• 4 minutes China goes against US natural gas
  • 12 minutes WTI @ 67.50, charts show $62.50 next
  • 15 minutes Saudi Fund Wants to Take Tesla Private?
  • 3 hours Downloadable 3D Printed Gun Designs, Yay or Nay?
  • 4 hours Rattling With Weapons: Iran Must Develop Military To Guard Against Other Powers
  • 10 hours Permian already crested the productivity bell curve - downward now to Tier 2 geological locations
  • 7 hours Desperate Call or... Erdogan Says Turkey Will Boycott U.S. Electronics
  • 4 hours Batteries Could Be a Small Dotcom-Style Bubble
  • 11 hours CO2 Emissions Hit 67-Year Low In USA, As Rest-Of-World Rises
  • 14 hours The EU Loses The Principles On Which It Was Built
  • 5 hours Corporations Are Buying More Renewables Than Ever
  • 19 hours Starvation, horror in Venezuela
  • 23 hours Are Trump's steel tariffs working? Seems they are!
  • 23 hours Is NAFTA dead? Or near breakthrough?
  • 21 hours How To Explain 'Truth Isn't Truth' Comment of Rudy Giuliani?
  • 19 hours The Discount Airline Model Is Coming for Europe’s Railways
India Surges Ahead In Global Solar Race

India Surges Ahead In Global Solar Race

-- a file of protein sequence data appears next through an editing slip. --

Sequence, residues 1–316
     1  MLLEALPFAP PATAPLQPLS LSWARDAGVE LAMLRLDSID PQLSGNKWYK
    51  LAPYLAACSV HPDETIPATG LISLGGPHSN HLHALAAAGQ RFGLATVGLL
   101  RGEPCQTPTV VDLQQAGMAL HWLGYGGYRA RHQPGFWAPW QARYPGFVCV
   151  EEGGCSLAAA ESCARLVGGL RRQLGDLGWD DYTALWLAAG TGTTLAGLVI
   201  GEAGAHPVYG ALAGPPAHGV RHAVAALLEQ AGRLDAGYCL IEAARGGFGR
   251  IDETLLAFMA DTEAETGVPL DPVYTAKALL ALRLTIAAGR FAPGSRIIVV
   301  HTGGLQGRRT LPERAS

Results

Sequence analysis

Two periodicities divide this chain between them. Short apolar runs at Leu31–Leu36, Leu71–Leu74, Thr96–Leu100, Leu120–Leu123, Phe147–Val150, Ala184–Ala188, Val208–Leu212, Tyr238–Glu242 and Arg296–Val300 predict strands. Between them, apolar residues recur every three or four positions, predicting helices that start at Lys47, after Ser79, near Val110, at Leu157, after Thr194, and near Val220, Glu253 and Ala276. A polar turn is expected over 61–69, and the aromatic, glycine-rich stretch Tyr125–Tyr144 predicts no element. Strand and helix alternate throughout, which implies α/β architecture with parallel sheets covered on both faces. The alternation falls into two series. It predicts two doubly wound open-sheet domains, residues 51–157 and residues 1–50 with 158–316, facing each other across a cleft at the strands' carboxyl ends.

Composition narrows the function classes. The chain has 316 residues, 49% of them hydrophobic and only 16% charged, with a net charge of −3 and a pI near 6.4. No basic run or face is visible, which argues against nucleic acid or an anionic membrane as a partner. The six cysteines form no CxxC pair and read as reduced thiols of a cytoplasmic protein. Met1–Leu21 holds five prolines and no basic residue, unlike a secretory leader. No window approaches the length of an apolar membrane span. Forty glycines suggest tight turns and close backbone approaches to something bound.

India is soaring past the…

Cracks In Global Economy Weigh On Oil Markets

Cracks In Global Economy Weigh On Oil Markets

Oil prices fell this week…

Turkmenistan's Proven Natural Gas Reserves Almost Doubled in New BP Review

On the 17th of July, BP released its 2012 edition of its Statistical Review of World Energy, the energy business ‘bible’.

In it Turkmenistan’s proven natural gas reserves have been increased to 24.3 trillion cubic meters, almost double the 13.4 trillion cubic meters estimated in 2010. This revised figure marks Turkmenistan as holding 11.7 percent of global proven natural gas reserves, almost equal to Qatar’s 25 trillion cubic meters (12 percent of world total).

Turkmenistan currently exports gas in two pipes going north towards Russia which have an annual capacity of 45 billion cubic meters, and in two pipes with a capacity of 20 billion cubic meters, going south to Iran. Due to Turkmenistan not actually producing much of its proven reserves none of the pipes are currently working at full capacity, transporting only 10 billion cubic meters in either direction.

The EU looks to Turkmenistan’s gas as an alternative to Russia, and hope that it would introduce competition to Gazprom’s monopoly and therefore reduce natural gas prices; however whilst a pipeline to Europe offers a very attractive opportunity for Turkmenistan, they are unwilling to make any move until granted political assurances against any Russian countermeasures.

By. Joao Peixe of Oilprice.com



Join the discussion | Back to homepage

Leave a comment

Leave a comment

Oilprice - The No. 1 Source for Oil & Energy News